Are Guns or Drugs the problem?

If you were asked which is more deadly, drugs or guns, what would you say?

If you answered guns you would be wrong according to the report that just came out. “Drug overdose deaths are the leading cause of injury death in the United States, ahead of motor vehicle deaths and firearms (deaths),” the Drug Enforcement Agency announced on Wednesday.

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The new numbers were part of the agency’s annual tally of deaths and death rates in 2015. Overall, the overdose death rate rose 11% last year to 52,404, which by comparison, the number of gun deaths rose by only 7% to 36,252. More people are killed in car crashes than by guns every year with the number of people dying in car crashes rising by 12% to 37,757 deaths in 2015.

Deaths from heroin rose 23% to 12,989 which was more than gun deaths for 2015.  More than 50,000 Americans died last year from drug overdoses, which is the highest figure ever, over the total number of gun deaths, which included suicides and accidents.

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Gun deaths only rose by only 7% in 2015 compared to heroin deaths which rose by 23%.  It seems like the ‘war on drugs’ is losing ground in this battle across America. The tragic tally has been pushed by the soaring abuse of not only heroin but prescription painkillers like fentanyl. Fentanyl is a synthetic opiate that is 40 times stronger than heroin and has become the largest drug threat to America with 44 deaths daily. Fentanyl deaths rose 73% to 9,580 last year.

The overdose deaths, which are often accidental, of Vicodin and OxyContin, increased by 4% and killed 17,536 people. Most drug deaths are low profile and don’t get much attention with the media. But almost daily across the country there are stories and pictures of incidents in the news.

You can check out the graphic that compiled comparing drug deaths by states.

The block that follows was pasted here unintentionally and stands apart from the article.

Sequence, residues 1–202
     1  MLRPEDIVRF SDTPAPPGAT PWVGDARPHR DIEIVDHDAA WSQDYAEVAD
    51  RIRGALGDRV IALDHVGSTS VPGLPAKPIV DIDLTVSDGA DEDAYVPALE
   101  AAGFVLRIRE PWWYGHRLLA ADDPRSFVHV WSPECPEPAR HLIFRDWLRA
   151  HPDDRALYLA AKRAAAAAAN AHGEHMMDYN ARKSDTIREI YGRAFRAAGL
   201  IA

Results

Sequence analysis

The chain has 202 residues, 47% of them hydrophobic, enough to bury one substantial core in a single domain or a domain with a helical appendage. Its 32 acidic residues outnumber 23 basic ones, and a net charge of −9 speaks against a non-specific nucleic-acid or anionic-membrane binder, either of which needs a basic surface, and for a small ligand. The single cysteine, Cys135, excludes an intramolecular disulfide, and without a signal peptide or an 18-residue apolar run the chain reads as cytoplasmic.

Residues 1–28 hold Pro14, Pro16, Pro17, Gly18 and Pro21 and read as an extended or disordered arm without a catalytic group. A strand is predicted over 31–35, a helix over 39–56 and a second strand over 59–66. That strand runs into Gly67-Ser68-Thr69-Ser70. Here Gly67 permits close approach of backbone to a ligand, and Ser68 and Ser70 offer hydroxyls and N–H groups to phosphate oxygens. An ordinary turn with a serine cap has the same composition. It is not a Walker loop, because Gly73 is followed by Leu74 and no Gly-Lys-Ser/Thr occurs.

West Virginia was the highest in America with 32.4 for every 100,000 people which is three times the national average. My state of Kentucky was third on the list which is disturbing when I think of the number of people who may be on the roads driving impaired or resorting to crime to promote their habit.

Drugs are not cheap and many drug abusers turn to prostitution, robbery and assault to pay for their habits. This results in an increase in home invasions as well as armed robberies and assaults. Although you may feel that you are not directly impacted by rampant drug abuse, you may just find yourself to be the victim of a drug related crime. Your house or car may get broken into while you are not at home. You may find yourself looking down the barrel of a gun in the hands of a desperate addict that will kill you if he/she has to. You may wake up in the night to find some drug crazed addict rummaging through your house looking for money, prescription drugs or anything of value that could be pawned off for money.

Additionally, everyone who pays taxes is a victim of drug abuse since millions of taxpayer dollars are spent every year for law enforcement and medical treatment of drug addicts and rehab centers. Just look at your paystub or when you file your income taxes each year and realize that part of that money is leaving your pocket to pay for drug abuse.

What this boils down to is, as communities, we must work to stop drug abuse before it begins. Children need to be taught the dangers of drugs at an earlier age about its dangers and the ruined lives they will have if they do drugs. Just recently, and thankfully, Ohio voters rejected a proposal that would have legalized both recreational and medical marijuana use. Unfortunately there are 23 other states plus Washington, D.C., that allow marijuana to be used for medical and recreational purposes.

The DEA views marijuana concentrates, which has potency levels that far exceed the levels of leaf marijuana, as a growing concern for America.  They also note that, according to law enforcement reports, some of the Mexican gangs are “relocating from major metropolitan areas to establish bases of operation in suburban or rural areas.”

The National Drug Threat Assessment also concluded that “Mexican gangs remain the greatest criminal drug threat to the United States”.

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